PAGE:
Olivier Rousteing Puts Balmain Men’s Wear on the Runway

PARIS — Outside the gates of the Hôtel Potocki in the Eighth Arrondissement, they lined up by the dozen, iPhones raised, recording, waiting.

Men’s fashion week, unlike its sister week for women, doesn’t often break into the public consciousness. The celebrities are fewer here, the awareness slighter. Apart from a few N.B.A. players popping up with Whac-a-Mole regularity (Amar’e Stoudemire and Russell Westbrook most often), the scene has been quiet, and Paris has gone about its civilian business unperturbed.

But Olivier Rousteing, the young, well-connected and newly famous designer of Balmain, has a way of making a splash. It’s not long ago that he appeared, nude and toned, on the cover of Têtu, one of the main gay magazines here. He is a friend of celebrities (most publicly, the extended Kardashian/West clan), and on Instagram, where his exploits are followed by 1.1 million, he is a celebrity himself.

Mr. Rousteing’s women’s shows are the sort that fill the air with teenage screams and that block traffic. His men’s collection has, to date, been shown more quietly, by appointment or in small, static presentations. But this past weekend, Mr. Rousteing decided to stage his first full-scale runway show for men (and for a few women, wearing his resort collection). His fans were there to watch, even if only from behind the barricades and the gates.

Balmain, he said before the show, is in part “the story of friendship.”

“We build this Balmain world and Balmain army because we all love each other and we just want to be part of it,” he continued.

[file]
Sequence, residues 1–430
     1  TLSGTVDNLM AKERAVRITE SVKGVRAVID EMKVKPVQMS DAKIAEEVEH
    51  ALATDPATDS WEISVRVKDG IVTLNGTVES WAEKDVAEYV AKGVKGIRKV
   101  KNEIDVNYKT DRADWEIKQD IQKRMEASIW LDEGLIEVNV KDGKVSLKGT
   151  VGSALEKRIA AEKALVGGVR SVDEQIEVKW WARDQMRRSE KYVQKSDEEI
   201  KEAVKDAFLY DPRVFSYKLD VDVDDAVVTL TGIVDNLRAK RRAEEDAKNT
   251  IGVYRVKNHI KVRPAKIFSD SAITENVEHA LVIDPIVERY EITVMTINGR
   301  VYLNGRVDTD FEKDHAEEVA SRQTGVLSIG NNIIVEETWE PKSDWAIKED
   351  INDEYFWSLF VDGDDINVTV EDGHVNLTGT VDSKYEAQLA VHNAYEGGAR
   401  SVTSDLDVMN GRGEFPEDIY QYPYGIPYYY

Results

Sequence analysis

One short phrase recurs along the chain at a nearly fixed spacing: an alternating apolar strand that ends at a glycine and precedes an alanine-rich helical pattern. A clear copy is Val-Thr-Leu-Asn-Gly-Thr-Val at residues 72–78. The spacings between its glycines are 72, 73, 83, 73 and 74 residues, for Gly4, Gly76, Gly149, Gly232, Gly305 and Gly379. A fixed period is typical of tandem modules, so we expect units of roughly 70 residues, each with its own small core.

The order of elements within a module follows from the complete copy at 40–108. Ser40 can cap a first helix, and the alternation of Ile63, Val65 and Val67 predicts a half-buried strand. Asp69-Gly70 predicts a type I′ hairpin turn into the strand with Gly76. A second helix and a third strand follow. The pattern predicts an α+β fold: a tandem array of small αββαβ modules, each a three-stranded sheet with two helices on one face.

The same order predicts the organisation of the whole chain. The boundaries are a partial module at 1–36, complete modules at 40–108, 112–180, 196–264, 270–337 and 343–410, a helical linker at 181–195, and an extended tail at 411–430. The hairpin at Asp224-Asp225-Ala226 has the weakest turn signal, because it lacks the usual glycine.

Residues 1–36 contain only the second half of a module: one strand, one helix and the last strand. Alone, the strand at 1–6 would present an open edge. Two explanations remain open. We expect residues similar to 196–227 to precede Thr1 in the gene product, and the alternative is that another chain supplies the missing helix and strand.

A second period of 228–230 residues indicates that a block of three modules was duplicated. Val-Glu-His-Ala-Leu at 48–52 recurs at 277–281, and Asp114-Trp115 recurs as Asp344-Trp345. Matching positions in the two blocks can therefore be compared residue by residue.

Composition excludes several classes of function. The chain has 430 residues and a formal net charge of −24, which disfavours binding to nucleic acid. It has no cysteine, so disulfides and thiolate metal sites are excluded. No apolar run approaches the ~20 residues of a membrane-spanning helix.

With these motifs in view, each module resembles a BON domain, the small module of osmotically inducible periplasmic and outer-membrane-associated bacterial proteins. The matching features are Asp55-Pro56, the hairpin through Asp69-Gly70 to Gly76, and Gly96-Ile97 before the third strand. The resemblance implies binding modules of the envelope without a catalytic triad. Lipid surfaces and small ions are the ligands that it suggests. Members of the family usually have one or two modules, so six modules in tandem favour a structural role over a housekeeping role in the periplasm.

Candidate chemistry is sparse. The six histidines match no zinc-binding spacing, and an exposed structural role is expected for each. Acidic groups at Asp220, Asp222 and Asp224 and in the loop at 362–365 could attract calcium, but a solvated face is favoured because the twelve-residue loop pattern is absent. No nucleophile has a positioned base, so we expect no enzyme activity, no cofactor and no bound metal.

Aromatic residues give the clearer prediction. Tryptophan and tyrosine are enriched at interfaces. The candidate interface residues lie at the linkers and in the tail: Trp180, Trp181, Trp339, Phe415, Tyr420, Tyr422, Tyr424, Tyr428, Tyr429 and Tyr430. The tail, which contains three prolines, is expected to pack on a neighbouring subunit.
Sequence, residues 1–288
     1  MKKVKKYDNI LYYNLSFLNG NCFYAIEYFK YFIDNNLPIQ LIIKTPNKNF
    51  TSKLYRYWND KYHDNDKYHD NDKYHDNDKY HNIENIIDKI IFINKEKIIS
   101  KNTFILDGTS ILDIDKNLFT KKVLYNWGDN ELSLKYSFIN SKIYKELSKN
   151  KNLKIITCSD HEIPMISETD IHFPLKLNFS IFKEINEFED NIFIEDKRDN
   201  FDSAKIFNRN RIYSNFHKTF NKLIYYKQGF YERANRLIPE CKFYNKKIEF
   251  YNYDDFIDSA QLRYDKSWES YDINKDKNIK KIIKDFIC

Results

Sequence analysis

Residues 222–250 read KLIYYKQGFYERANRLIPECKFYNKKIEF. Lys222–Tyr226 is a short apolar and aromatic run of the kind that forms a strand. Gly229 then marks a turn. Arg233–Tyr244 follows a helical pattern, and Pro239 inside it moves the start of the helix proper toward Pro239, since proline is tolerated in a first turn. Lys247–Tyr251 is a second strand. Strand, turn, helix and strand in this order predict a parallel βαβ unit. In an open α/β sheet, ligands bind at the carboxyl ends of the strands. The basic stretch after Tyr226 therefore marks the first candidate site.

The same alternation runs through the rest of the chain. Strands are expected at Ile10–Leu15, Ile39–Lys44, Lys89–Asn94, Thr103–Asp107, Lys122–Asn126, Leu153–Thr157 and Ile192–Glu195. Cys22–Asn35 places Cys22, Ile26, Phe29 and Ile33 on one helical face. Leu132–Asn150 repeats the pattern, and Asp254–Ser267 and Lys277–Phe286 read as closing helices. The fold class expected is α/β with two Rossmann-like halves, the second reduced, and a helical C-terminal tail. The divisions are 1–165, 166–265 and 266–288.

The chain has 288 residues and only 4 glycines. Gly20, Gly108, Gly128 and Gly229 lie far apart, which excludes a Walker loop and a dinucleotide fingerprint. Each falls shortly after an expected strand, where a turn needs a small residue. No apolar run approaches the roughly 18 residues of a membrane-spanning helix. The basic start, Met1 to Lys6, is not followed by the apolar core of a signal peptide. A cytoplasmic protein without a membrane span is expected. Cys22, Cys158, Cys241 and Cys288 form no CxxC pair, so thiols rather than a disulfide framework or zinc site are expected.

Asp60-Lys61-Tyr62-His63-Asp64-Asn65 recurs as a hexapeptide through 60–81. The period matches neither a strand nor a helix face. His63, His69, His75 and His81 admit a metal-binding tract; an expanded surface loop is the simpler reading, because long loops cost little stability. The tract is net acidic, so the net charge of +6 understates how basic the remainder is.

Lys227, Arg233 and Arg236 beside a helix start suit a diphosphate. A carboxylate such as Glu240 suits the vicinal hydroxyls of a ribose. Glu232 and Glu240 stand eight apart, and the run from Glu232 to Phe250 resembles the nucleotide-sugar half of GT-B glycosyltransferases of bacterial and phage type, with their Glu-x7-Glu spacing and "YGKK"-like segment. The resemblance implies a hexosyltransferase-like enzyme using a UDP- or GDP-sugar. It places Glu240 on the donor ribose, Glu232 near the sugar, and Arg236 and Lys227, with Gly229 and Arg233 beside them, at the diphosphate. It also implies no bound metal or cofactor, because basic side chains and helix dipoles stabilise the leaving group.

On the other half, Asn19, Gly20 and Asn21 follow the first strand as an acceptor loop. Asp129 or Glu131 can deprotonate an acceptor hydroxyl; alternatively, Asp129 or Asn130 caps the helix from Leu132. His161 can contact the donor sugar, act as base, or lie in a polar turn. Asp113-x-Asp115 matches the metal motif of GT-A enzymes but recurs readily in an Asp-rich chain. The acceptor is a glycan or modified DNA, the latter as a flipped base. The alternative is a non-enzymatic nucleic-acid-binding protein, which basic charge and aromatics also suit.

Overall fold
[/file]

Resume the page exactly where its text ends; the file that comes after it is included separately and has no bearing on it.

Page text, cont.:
He was speaking specifically about the models he had befriended and the friends he had made models (including, in this show, the socialite Peter Brant II). But he meant, too, the masses waiting outside to catch a glimpse, whether of Alessandra Ambrosio, who walked in the show, or Kris Jenner, who watched it. They have been avid supporters of his in a way that the establishment fashion news media has not always been.

Mr. Rousteing’s aesthetic may be divisive among the critics, but it is apparently less so among retailers. The men’s wear in particular, Mr. Rousteing said, now accounts for 40 percent of Balmain’s business. The collection he showed was a safari-inspired mélange of complicated craftsmanship (with rope details and spangles) and rough-and-tumble khaki (albeit in luxurious suede and skins).

“I just wanted to have an explorer, a new aventurier,” Mr. Rousteing said by way of explanation. The Union Jack of the British flag was a motif that appeared several times. In February, Mr. Rousteing opened a Balmain store in London, the brand’s first stand-alone boutique outside of Paris. More stores in other cities are to come.

Whether or not everyone thrills to his drop-crotch pleated trousers, double-layer shorts and gladiator sandals is mostly beside the point. Mr. Rousteing’s maximalist bravado has found a fan base, and there should be much here that will set cash registers ringing.

He remains unflinchingly committed to his work, and he takes to the runway after his shows with the aplomb and unshakable assurance of Ms. Ambrosio.

“I want to be happy in five years when I look at this,” he said of the collection. “I try to really be confident with myself. This world sometimes can be really wild with me. I’m trying to protect myself and be strong.”

Leave a Reply

Your email address will not be published. Required fields are marked *